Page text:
If you’ve ever wanted an exact measurement on how good your spiral is, or needed proof that you are better at throwing the football than your friend, Wilson has you covered with its new $199 smart football.
The “Wilson X Connected Football,” as it’s formally known, is both fun and frustrating.
The “fun” comes from how many different things the ball can tell you. It tells you how tight and fast your spiral is, the length and velocity of your throws, and even a combined rating of how good a quarterback you are. The “frustrating” comes from the various game modes, which aren’t perfect for casual play.
At $199, the market for these balls seems to be people who are serious about quarterback training.
“I’m there every week, for 25 years, and I know how these coaches obsess over numbers and how they want as much information as they can possibly get,” Gus Johnson, a sportscaster and voice of the Wilson’s app, told The Verge. “You just made everybody’s job really easy for the most important position in the most popular game in our country.”
ow the ball works
The Wilson X football is filled with sensors, mostly accelerometers. These sensors send data to the ball’s dedicated smartphone app via Bluetooth. There’s no way for you to charge the battery in the ball, so eventually it will run out of juice and lose its smart functionality. Fortunately that’s after about 500 hours of active play, according to the company (you have to do a motion to “wake up” the ball when you start playing).
Once you’ve connected the ball, you can fire up the app and choose what sort of game mode you want. There are a few games you can select: basic warm-up; “precision,” in which you try and throw 10 passes as crisply as possible; “game time” and “final drive,” which are more advanced simulations of NFL games you can play with friends; and “elimination,” which lets you compete with up to 8 people on various stats, with the last one standing crowned as the winner.
Here’s the problem: “elimination” is the only real compelling game you can casually play with friends. It’s easy to get into. Basically you choose a stat — say velocity — and take turns throwing the ball. Those who don’t meet the escalating goals get booted from the round. The rounds keep going until one person is left. He or she is the winner. It’s competitive, fun, and simple.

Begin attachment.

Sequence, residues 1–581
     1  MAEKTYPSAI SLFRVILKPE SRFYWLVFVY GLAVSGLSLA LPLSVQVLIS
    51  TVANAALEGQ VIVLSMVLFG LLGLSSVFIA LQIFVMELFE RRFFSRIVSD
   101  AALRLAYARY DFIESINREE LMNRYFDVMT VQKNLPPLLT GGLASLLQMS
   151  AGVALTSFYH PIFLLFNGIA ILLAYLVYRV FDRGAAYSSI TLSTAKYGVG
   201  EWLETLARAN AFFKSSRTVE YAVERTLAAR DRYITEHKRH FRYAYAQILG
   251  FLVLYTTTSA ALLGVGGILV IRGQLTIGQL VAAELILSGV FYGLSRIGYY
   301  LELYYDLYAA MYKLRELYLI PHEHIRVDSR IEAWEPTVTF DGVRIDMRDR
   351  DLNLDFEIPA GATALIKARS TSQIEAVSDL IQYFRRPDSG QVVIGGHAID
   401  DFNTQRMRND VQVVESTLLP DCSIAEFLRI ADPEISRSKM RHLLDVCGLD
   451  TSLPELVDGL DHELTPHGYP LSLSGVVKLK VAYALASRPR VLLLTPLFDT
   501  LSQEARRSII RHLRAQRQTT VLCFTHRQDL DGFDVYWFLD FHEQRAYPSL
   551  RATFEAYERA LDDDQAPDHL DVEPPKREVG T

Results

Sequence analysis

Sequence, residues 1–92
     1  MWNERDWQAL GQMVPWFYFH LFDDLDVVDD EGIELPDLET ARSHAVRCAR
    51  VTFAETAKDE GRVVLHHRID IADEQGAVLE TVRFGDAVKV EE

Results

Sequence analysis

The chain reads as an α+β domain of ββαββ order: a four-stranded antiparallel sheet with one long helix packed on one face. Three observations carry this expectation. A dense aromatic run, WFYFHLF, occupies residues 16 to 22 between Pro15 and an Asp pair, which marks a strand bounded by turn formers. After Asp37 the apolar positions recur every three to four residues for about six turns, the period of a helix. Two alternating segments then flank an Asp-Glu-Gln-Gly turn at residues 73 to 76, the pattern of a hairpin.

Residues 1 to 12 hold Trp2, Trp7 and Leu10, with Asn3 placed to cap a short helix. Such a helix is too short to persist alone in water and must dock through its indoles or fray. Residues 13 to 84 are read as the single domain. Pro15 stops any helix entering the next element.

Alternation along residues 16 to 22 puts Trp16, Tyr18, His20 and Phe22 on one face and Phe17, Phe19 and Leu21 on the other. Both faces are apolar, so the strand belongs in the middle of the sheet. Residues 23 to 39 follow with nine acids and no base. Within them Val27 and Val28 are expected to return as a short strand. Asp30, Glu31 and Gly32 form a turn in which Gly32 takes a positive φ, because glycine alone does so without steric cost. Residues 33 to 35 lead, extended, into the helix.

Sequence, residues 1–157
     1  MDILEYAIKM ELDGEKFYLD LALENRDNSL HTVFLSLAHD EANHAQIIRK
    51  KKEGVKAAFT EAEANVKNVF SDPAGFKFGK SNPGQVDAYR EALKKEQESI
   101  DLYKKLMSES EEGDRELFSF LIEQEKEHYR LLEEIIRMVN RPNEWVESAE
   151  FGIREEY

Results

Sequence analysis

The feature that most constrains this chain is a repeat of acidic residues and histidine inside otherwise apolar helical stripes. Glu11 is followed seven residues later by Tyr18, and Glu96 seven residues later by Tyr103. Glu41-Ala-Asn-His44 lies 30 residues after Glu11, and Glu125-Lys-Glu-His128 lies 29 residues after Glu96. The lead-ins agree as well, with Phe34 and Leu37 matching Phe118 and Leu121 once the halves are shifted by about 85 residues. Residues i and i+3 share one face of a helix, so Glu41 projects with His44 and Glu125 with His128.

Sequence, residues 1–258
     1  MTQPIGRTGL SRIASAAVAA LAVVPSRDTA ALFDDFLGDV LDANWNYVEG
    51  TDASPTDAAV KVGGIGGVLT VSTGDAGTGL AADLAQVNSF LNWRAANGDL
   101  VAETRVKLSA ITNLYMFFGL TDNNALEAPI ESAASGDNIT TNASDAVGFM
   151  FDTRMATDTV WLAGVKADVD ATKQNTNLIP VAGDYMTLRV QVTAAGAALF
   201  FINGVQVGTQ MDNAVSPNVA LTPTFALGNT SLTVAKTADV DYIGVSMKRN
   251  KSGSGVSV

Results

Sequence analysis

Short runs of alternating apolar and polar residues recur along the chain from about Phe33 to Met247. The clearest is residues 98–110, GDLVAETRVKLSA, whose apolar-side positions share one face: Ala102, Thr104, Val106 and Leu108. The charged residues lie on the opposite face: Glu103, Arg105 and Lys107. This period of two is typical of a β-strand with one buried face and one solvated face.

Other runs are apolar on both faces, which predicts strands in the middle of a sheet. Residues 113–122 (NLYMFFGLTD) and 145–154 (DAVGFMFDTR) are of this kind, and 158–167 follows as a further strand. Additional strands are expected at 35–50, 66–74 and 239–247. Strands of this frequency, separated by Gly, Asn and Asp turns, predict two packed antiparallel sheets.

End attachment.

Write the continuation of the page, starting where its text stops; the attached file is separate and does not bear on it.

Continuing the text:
The other modes are more role-oriented and harder to set up. They can be fun, but they feel more like drills, and don’t capture the competitive spirit.
What I wish the ball was
Here’s are a few things I want out of my Wilson X football, as a casual player.
First, I want to be able to select my mode and then put the phone off to the side. The app requires a bit too much “checking in” when you’re trying to play. The app needs to understand that I don’t want to be constantly dealing with my phone when I’m playing football. That might necessitate a different design approach for the app.
The second thing I want is the ability to let the stats work into my normal routine. I want to play a pickup game and be able to track how well everyone did at quarterback. Even if that means I have to hit the app every time we switch quarterbacks, it’d be worth it. Give me the option to use stats to make the games I normally play more fun. The game modes, while they’re fine in terms of design, feel confining. Just a little customisation, please!
The main issue the ball struggles with is trying to be both a “pro” tool for serious athletes, and also a cool tech gadget you can use to play games. If the point of the game modes is to make training a bit more fun, then they succeed. But they feel a bit like a playdate your mum set up for you: fun, but very structured. Give me a bit more freedom and I’d definitely plunk down money for this. But then again, I’d probably be looking to spend more in the $100 range than the $200, so I’m likely not serious enough a customer for Wilson to go after.
Bottom line: the sensors work, and the amount of data you can get on your football game is delightful. The drawback is that the game modes aren’t engaging enough to make shelling out $200 worth it if you aren’t doing some serious training.
Photography by Hollis Johnson
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